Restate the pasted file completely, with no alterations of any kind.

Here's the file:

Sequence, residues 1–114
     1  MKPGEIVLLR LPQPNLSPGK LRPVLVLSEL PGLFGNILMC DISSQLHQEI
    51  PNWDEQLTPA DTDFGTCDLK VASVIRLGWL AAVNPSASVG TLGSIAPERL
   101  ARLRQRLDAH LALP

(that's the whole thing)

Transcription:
Sequence, residues 1–114
     1  MKPGEIVLLR LPQPNLSPGK LRPVLVLSEL PGLFGNILMC DISSQLHQEI
    51  PNWDEQLTPA DTDFGTCDLK VASVIRLGWL AAVNPSASVG TLGSIAPERL
   101  ARLRQRLDAH LALP